In Cole v. Roebling Construction Co., 156 Cal. 443, [ 105 P. 255], the principle above discussed, in its application to actions sounding in tort, is shown to be thoroughly settled in this state. No reason other than absence of statutory authority can be suggested why the same principle should not as well be applicable in actions on contract, and the cases above examined very clearly establish that, under sections 383 and 578 of the Code of Civil Procedure, it is a rule applicable to the latter class of actions.

The result deducible from those decisions is, as before stated, that the common law rule as applied in the case of Stearns v. Aguirre, 6 Cal. 176, has been expressly abrogated at least to the extent that the bringing of an action against all the obligors upon a joint and several contract does not constitute an election upon the part of the plaintiff to hold the obligors merely and solely as joint parties and consequently to waive the right to hold them to their several liability, but that an action so brought upon a joint and several obligation is upon all the contracts or obligations involved in such a contract. And as necessary corollary of the rule as thus established, the obligee does not lose the right to the several liability of a several obligor until the obligation is fully satisfied, notwithstanding that in an action against all the debtors a judgment is obtained against some but not against him, because he has not been served with process and so subjected to the jurisdiction of the court. In other words, the mere fact that the bank was unable to secure upon Lomax service of process whereby he could have been subjected to the jurisdiction of the court in the action and to any judgment therein entered does not in law authorize the presumption that it waived the several liability of Lomax. Indeed, it seems to us that, as to a joint and several obligation, it would involve a palpable inconsistency in logic to say that the several liability of the debtor not served is merged in a judgment joint and several against his codebtors. But the right of the creditor to pursue, in satisfaction of the debt that is due to him, the several liability of the debtor not served and who is not bound by the judgment against his co-obligors and who has not been, like his co-obligors, discharged from the original obligation, is but the ineluctable consequence of certain of our statutory provisions. Among these are sections 414 and 579 of the Code of Civil Procedure. The first named of these sections provides: "When the action is against two or more defendants, jointly or severally liable on a contract, and the summons is served on one or more, but not on all of them, the plaintiff may proceed against the defendants served in the same manner as if they were the only defendants." The other of said sections reads: "In an action against several defendants the court may, in its discretion, render judgment against one or more of them, leaving the action to proceed against the others, whenever a several judgment is proper."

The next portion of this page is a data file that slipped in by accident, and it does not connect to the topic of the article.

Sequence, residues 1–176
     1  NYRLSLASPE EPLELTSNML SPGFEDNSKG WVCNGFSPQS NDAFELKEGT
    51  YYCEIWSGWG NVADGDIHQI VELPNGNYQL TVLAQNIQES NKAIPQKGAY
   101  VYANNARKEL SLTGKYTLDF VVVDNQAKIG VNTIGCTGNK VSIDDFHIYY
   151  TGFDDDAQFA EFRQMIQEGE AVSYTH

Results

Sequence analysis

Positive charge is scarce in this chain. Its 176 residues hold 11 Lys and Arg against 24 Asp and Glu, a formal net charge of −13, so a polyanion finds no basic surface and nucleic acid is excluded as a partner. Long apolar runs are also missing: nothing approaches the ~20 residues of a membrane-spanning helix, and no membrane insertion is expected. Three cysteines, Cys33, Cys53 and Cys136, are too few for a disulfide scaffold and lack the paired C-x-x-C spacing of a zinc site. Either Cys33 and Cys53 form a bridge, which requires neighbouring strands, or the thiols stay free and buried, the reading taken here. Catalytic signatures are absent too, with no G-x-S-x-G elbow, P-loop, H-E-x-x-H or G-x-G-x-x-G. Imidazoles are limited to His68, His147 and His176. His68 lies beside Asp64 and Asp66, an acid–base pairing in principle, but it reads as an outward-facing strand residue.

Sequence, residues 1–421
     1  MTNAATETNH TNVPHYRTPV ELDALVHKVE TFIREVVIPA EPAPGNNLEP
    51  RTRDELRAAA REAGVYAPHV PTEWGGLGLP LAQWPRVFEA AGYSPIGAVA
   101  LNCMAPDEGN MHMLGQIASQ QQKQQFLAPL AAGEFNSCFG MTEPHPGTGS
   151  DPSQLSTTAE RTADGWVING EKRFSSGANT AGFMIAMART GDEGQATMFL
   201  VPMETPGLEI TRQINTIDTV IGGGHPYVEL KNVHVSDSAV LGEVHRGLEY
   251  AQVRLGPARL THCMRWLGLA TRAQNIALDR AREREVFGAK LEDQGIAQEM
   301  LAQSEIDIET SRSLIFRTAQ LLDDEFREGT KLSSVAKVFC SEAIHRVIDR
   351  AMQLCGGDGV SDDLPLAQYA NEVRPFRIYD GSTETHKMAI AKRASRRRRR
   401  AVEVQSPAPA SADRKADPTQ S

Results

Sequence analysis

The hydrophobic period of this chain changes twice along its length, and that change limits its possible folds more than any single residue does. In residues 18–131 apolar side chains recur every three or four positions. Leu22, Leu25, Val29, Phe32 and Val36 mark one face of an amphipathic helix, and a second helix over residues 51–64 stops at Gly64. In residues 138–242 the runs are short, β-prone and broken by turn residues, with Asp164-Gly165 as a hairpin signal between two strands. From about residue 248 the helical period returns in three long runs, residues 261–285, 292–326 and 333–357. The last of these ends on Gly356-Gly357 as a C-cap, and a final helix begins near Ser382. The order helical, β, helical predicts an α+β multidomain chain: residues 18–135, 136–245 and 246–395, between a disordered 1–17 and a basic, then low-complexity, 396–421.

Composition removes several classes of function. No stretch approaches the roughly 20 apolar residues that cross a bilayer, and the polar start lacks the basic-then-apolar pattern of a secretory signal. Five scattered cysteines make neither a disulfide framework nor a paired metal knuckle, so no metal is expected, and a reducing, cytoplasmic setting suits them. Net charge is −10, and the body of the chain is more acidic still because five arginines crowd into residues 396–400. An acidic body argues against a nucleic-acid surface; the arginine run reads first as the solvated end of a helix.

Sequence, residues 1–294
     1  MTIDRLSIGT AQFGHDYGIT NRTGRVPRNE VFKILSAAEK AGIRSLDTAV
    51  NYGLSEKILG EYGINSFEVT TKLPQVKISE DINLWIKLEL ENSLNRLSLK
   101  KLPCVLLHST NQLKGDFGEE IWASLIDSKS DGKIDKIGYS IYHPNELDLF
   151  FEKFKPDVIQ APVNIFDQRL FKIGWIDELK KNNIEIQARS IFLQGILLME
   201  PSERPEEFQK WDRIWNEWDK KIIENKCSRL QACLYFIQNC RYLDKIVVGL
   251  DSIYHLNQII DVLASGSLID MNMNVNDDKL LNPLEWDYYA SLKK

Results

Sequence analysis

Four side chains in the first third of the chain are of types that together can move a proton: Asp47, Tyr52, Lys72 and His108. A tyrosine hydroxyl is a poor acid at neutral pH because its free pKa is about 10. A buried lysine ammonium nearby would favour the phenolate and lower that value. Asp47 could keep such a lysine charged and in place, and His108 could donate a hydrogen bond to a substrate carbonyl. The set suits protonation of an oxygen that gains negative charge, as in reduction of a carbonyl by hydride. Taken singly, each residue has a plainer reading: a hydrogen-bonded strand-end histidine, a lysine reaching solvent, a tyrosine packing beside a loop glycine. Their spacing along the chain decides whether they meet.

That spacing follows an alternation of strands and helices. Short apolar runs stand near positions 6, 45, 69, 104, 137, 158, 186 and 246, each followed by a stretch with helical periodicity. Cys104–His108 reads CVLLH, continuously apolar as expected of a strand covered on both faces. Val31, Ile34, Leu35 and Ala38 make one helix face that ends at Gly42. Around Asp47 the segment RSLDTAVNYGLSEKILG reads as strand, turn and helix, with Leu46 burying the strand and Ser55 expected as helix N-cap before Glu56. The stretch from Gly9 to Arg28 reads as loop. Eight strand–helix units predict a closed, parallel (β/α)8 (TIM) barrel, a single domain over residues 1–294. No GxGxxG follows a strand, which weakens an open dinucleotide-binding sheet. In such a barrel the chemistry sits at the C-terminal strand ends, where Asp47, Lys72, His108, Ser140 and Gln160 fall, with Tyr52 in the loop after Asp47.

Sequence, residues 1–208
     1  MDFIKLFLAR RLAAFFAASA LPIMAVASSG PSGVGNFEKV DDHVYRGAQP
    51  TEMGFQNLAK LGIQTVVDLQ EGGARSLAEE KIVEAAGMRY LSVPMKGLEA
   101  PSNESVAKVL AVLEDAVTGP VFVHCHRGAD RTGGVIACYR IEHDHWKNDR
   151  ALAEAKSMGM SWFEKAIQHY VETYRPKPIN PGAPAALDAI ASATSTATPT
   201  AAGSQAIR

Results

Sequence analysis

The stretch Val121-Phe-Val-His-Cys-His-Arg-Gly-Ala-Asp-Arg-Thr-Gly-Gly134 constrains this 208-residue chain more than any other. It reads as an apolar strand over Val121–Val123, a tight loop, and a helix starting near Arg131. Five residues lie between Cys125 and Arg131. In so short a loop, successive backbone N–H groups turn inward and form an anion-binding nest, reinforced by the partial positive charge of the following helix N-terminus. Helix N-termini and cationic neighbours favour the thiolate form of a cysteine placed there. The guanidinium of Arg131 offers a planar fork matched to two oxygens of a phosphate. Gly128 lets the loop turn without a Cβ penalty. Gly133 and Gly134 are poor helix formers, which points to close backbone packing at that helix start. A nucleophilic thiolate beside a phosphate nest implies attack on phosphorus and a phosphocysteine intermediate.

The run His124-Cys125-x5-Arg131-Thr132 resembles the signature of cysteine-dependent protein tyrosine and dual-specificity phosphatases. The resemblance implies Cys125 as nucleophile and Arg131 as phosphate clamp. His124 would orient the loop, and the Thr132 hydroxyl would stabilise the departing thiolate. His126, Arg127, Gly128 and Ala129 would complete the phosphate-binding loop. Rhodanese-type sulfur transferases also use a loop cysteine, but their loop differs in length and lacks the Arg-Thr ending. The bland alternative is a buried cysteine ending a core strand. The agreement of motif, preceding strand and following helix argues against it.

The last quoted section clearly implies that in an action against a number of obligors and where a several judgment may be proper — where the action, for instance, is upon a joint and several obligation — there may be as many judgments entered as there are parties defendant and that the separate or several judgments against them need not be entered at the same time. In fine, the two sections seem to contemplate just such a case as the present one and that where service of process is not had upon all the several defendants, a judgment may be entered against those served and thereafter against the others, if judgment is obtained against them by default or otherwise.